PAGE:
‘Rethinking things and being really different (and thus innovative), that is the whole point of the brand. And of course my personal vision and the engine that drives me. There are already enough beautiful clothes in the world. That alone wouldn’t have been enough for me either. So yes, I found my personal meaning with it. Even if it is of course a process. By setting a new standard in the fashion world.’
Sänger didn’t take things lightly when starting her new venture. ‘Starting a label is exhausting, there are many fears and insecurities. Fashion in particular is extremely complex: it’s not just about a few nice clothes and a pretty Instagram channel. You have to take care of a production and that means from the yarn, label, button to the packaging—find suitable producers and build a production network. Up to your own online shop, sales and logistics. Marketing and PR are essential for this. Corona is an additional challenge. Fashion lives from a creative and interactive exchange. This is not happening at the moment. I’m all the more excited about the future.’
The silk process was one developed by her Indian producer, who shares her principles of rethinking existing processes. ‘This not only leads to a biological silk, but also contributes to biodiversity. Since we don’t use any pesticides, the soils are healthy.’ The farm is 100 ha. in size, as the natural cultivation requires more space, with the silkworms growing outdoors.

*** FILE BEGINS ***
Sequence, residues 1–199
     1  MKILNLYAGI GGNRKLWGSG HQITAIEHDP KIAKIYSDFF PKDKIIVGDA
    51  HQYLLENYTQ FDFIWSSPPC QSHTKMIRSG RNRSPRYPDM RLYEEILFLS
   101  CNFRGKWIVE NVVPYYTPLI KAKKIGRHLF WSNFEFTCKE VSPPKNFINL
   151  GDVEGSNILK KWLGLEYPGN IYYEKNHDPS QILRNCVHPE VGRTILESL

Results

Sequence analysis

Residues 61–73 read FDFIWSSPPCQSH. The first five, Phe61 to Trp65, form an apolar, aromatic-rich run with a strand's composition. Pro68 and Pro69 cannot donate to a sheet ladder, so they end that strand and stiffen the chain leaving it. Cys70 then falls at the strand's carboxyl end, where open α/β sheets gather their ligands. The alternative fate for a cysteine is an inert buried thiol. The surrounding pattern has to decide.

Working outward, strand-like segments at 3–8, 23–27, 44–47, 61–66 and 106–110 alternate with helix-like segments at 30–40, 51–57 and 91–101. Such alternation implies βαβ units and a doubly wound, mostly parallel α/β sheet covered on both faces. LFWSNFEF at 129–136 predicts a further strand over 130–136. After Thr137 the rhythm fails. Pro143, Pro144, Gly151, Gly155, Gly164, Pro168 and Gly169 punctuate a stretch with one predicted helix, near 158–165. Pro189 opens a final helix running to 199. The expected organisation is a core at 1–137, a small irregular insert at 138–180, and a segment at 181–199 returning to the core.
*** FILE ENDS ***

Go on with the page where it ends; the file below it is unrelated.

Sänger had got to know the Indian producer, which cemented her idea to concentrate exclusively on silk. ‘He is the only one in the world who produces peace silk and is also organic. I would like to see the attitude of producing a really clean product for other materials as well. All other material units come from Austria or Germany. It took me the longest time to find these producers. Because it’s not just about the sustainability aspect, the materials must also meet quality standards and æsthetics.’
The brand’s symbol itself features a cheetah, which she says represents ‘something graceful, noble and strong and that not only stands for the silk, but also for the women who wear my clothes.’ The word Katz appears æsthetically pleasing to her, and la was added as a feminine article.